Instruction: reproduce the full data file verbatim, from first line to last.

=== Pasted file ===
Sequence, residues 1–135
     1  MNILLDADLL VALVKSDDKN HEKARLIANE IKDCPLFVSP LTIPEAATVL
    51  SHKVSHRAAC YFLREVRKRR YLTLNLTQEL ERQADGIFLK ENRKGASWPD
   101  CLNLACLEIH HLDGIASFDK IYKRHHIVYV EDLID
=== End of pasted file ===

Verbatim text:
Sequence, residues 1–135
     1  MNILLDADLL VALVKSDDKN HEKARLIANE IKDCPLFVSP LTIPEAATVL
    51  SHKVSHRAAC YFLREVRKRR YLTLNLTQEL ERQADGIFLK ENRKGASWPD
   101  CLNLACLEIH HLDGIASFDK IYKRHHIVYV EDLID